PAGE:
After the trial, a rumor circulated that Lee’s half-sister, Elizabeth Harris, the cook, had been discovered making love with a man in bed by Miss Keyse, a rather prim, puritanical individual. According to the rumor, Miss Keyse was outraged and took a swipe at the naked couple, and out of sheer panic, Miss Harris struck back at her frail mistress with her fist, killing her. Hearsay had it that Miss Harris and her lover then took Miss Keyse’s body to the dining room, where they tried to cover up the murder by battering the dead woman’s skull in to create the impression that a violent murder perpetrated by an intruder had taken place. Miss Harris soon came to her senses and realized the police wouldn’t be so easily fooled, so she sprinkled the contents of a can of lamp-oil over the corpse and set fire to it, hoping that the flames would make the cause of Miss Keyse’s death hard to determine. But the ad hoc cremation attempt didn’t succeed, because John Lee was soon alerted by the smell of burning, and ran into the dining room with a pail of water to douse the flames. As the youth did this, Elizabeth or her lover placed the incriminating can of lamp-oil in the pantry where Lee had been working. On the night before the execution, Lee chatted in his cell with the prison governor and the chaplain, and the former told the condemned that there was no chance of a reprieve. Lee responded by shrugging. Then said, “Elizabeth Harris could say the word which could clear me, if she would.”
When the governor and the chaplain left the cell, Lee settled down and had no difficulty sleeping. The dream he had was a strange one. Lee dreamed her was standing on the gallows with the noose around his neck, but the trapdoor wouldn’t open, despite the repeated yanks the hangman was giving to the lever. When Lee awoke from the dream, he felt that God had assured him that there was nothing to worry about, as he would not die on the gallows.
Shortly before eight o’clock on the morning of Monday, 23rd February, 1885, James Berry led John Lee to the center of the trap on the gallows, then proceeded to strap Lee’s legs together below the knees, before positioning and tightening the rope around his neck. Berry pulled the white hood over the doomed man’s head, then walked to the lever. After a short tense pause, Berry threw the lever – and the expected sound of bolts being drawn below the gallows was heard. Death would be a heartbeat away now for Lee. But, to everyone’s amazement, the trap door on which John Lee stood refused to open. Berry’s recurring nightmare had come true – and Lee’s dream also.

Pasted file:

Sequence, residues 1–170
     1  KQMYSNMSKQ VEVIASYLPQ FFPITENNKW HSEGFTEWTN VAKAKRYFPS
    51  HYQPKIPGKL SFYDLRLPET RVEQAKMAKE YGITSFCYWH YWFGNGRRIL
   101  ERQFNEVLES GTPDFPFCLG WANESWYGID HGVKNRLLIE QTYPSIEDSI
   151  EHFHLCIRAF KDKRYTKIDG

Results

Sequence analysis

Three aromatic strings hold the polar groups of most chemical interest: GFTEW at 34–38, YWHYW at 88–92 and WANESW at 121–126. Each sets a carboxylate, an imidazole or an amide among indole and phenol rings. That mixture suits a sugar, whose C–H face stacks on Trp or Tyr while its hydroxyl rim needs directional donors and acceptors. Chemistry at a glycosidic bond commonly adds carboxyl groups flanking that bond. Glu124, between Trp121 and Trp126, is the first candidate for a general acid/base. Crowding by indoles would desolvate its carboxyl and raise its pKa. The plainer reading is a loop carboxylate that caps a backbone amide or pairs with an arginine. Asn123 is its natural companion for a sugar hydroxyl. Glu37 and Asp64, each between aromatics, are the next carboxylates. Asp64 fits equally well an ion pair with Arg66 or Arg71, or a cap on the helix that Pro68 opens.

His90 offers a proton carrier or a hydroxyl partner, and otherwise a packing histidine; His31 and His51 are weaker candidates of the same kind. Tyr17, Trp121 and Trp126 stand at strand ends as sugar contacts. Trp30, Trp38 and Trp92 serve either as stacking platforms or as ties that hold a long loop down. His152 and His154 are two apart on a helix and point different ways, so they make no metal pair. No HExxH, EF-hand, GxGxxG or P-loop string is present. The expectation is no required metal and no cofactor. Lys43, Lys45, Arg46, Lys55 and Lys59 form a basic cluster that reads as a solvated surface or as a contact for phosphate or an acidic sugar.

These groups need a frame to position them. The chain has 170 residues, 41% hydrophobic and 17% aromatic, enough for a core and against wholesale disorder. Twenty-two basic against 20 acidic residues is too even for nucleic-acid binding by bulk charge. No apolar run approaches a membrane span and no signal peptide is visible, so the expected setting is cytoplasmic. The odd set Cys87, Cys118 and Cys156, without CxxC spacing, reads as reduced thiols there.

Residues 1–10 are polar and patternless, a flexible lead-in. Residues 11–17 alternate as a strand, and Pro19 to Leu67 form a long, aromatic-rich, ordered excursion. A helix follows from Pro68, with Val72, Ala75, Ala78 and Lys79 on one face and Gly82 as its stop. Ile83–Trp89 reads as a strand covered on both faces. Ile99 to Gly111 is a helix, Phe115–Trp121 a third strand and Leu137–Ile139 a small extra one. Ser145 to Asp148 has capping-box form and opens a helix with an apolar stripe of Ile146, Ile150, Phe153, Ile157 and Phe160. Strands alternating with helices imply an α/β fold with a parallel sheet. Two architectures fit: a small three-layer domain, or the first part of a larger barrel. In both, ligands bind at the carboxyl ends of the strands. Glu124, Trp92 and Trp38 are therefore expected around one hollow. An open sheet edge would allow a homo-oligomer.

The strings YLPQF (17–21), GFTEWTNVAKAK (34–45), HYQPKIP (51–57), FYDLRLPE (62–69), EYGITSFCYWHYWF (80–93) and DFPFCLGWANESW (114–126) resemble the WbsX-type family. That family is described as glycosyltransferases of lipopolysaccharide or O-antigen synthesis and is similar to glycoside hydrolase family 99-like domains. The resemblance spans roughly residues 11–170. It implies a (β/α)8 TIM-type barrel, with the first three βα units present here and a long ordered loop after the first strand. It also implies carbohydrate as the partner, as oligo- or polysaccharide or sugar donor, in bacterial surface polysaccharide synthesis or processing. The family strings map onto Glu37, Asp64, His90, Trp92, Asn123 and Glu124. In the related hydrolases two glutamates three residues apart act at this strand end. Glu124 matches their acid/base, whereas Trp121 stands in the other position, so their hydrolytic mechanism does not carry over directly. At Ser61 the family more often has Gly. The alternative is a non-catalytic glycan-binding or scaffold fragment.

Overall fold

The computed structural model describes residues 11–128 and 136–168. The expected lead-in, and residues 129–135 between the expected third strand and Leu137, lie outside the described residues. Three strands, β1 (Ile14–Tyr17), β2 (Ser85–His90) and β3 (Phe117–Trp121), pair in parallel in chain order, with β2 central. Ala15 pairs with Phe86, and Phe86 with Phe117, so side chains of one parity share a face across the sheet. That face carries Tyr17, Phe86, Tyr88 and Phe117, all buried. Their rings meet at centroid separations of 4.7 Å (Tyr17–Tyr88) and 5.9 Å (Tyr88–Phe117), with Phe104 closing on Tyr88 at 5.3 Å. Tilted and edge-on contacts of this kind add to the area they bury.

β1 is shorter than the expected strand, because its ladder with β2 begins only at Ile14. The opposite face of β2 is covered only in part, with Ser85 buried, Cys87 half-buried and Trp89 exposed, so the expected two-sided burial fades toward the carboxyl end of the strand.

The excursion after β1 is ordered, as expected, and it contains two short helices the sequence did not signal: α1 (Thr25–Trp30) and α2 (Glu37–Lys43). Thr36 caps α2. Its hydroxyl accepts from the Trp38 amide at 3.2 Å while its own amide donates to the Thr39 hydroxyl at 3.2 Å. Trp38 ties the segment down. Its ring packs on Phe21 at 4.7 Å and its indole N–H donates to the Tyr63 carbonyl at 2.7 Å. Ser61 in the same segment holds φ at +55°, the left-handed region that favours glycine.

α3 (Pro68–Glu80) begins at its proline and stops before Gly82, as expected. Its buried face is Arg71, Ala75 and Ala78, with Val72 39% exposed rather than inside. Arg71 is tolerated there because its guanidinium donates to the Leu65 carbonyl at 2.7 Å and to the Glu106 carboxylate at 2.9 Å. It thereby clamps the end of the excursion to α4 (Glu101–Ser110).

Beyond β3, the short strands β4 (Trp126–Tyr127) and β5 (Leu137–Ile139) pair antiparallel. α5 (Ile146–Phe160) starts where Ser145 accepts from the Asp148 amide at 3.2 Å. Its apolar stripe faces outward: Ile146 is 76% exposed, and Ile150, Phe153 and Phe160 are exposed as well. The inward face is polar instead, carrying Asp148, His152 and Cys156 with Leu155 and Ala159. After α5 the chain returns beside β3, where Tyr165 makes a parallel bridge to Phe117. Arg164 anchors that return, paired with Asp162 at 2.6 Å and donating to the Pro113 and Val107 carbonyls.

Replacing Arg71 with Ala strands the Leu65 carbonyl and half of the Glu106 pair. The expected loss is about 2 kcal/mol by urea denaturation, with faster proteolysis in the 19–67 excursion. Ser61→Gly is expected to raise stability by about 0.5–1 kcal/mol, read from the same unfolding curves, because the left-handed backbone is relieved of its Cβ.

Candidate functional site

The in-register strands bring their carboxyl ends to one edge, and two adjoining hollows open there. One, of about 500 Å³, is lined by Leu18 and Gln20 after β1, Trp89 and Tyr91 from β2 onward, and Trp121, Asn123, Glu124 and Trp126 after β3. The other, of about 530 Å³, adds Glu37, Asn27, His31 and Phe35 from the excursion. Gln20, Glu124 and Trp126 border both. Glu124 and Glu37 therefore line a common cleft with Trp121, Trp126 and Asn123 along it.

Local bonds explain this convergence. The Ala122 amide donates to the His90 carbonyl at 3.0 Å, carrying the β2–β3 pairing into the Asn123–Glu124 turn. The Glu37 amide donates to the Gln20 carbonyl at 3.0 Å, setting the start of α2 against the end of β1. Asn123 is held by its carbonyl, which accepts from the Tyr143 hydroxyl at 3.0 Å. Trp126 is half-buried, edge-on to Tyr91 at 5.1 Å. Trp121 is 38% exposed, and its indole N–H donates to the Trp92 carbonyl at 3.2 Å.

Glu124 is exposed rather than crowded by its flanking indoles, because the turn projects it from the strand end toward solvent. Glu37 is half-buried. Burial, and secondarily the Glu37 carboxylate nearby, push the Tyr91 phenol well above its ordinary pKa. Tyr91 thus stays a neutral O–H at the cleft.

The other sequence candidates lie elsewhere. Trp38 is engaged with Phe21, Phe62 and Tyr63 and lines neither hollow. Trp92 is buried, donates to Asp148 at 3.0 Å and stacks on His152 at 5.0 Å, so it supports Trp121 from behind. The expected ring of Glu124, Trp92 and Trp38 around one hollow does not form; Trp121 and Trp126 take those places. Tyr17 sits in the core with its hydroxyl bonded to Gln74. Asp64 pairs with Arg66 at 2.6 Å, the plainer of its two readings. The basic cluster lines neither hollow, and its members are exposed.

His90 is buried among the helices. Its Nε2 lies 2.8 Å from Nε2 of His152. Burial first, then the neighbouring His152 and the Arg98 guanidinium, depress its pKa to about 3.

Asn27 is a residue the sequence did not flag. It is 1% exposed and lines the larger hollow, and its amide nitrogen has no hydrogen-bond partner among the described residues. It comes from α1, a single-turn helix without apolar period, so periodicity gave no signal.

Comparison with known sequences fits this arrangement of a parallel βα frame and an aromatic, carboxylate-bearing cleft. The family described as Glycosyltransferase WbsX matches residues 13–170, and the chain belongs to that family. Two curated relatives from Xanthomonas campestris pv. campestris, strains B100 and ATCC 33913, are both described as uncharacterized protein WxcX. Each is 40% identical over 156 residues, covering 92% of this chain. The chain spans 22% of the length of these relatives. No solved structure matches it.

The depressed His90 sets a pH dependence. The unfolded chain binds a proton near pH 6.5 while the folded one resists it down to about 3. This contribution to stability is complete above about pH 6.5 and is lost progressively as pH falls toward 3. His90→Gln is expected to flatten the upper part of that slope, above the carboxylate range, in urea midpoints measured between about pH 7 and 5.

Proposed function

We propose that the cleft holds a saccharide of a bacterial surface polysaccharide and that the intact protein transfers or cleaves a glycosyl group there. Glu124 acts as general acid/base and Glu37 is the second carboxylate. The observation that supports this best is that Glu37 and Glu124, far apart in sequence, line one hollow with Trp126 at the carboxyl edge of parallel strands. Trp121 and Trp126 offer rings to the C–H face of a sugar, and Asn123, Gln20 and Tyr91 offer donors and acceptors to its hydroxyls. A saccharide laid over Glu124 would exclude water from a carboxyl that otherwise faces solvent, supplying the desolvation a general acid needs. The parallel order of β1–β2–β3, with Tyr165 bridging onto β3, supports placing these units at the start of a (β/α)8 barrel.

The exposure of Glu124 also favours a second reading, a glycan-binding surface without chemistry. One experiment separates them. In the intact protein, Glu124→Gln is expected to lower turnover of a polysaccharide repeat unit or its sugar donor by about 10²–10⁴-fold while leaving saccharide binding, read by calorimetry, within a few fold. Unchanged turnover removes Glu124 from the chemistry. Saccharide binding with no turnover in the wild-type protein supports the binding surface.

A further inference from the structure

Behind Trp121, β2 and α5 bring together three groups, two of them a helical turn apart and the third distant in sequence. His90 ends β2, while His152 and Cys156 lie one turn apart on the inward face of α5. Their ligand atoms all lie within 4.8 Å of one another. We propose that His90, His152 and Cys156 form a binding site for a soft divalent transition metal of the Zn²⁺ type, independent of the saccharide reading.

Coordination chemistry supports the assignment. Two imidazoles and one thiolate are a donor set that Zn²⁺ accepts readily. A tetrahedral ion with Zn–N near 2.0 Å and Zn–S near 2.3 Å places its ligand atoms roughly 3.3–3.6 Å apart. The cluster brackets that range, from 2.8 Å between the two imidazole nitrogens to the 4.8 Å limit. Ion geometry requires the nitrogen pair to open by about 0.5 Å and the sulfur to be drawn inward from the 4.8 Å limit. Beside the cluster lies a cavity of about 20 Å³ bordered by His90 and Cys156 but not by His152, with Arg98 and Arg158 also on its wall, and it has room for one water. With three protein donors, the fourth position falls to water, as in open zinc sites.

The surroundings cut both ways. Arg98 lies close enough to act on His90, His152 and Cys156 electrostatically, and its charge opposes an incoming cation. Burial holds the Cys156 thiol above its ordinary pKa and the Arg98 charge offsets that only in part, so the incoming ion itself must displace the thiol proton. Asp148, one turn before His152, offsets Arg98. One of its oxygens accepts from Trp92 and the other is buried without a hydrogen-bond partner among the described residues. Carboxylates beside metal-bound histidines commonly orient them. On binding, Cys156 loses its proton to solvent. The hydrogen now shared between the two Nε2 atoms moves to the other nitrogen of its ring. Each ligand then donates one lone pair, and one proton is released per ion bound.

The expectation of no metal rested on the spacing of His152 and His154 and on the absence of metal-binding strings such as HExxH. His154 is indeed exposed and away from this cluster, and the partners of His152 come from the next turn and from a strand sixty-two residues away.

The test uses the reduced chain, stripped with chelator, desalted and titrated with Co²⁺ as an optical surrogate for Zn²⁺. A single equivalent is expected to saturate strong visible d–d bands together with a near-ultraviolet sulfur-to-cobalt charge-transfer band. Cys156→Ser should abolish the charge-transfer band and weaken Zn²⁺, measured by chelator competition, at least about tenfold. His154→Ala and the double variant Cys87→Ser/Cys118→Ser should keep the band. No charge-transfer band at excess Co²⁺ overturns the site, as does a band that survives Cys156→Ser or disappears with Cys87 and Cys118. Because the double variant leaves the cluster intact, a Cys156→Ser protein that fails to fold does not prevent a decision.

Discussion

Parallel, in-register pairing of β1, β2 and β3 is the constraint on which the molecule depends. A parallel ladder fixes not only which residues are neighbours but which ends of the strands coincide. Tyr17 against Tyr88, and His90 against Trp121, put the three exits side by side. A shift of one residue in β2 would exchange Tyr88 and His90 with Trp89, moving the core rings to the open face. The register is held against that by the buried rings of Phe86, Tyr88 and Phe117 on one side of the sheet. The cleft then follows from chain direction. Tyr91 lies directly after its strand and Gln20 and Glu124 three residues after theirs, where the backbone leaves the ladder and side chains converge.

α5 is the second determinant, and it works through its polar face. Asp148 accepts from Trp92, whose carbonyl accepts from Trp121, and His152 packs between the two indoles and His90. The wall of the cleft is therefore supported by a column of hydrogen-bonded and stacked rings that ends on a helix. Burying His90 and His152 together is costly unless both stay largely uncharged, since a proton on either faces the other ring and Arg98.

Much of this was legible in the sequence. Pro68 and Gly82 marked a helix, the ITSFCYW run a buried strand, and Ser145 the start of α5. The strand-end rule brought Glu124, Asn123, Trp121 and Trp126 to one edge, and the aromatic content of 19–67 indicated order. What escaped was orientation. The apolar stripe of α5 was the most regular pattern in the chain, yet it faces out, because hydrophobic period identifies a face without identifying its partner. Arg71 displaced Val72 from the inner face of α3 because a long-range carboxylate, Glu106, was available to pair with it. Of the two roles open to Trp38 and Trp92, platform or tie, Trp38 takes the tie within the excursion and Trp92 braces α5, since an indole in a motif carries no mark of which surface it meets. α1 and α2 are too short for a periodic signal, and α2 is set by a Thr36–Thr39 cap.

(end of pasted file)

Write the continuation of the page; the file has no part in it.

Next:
Berry trembled. He took the hood and noose off Lee and tested the stubborn trap with a sandbag that weighed the exact same weight as Lee. The trap opened this time and the sandbag crashed to the ground under the gallows. Lee was pushed onto the trap again with the hood over his head and the noose re-positioned around his neck. This time, all the witnesses to the impending execution knew that the trap would work.
Berry pulled the lever – but the trap beneath Lee’s feet wouldn’t open again. Berry’s face started to twitch, and his shaking hands took the noose and hood off Lee, and guided him off the trap. A prison engineer and Berry discussed the problem, and a carpenter was summoned. When the edges of the trap had been planed, and the bolts of the hanging apparatus had been greased, a sandbag acted as a substitute for Lee again. Everything went like clockwork. Lee was put on the trap for the third time. The hooded man stood there, waiting for Berry to throw the lever. Berry inhaled the cold morning air, then pulled the lever as hard as possible. The chaplain looked away as the greased bolts slid as expected. But to his total astonishment, the chaplain saw that Lee was still standing on the unopened trap. The holy man fainted, but was caught by a warder before he could hit the floor.
It was decided that a messenger should be sent to London to inform the Home Secretary of the botched hanging attempts. While everyone waited for the messenger to return, Lee was asked if he felt like eating a last breakfast, and he later consumed a substantial repast. Ironically, the hangman James Berry had to turn down the meal he was offered, because of his nerves. So Lee eat Berry’s meal instead.
About nine hours later, the messenger returned from London to inform Lee that he had been granted a respite by the Home Secretary. The death sentence had been commuted to life-imprisonment. But Lee was released after serving twenty years. He came out in 1905 and married a childhood sweetheart who had waited patiently for him. The couple went to America, and up until his death in 1933, John Lee, the man who couldn’t be hanged, swore he was not a murderer. Whenever people asked him what he thought about being spared from the rope three times in a row, Lee would say it wasn’t luck, or freak mechanical failure that saved his neck – but divine intervention.
By Sasha Dubronitz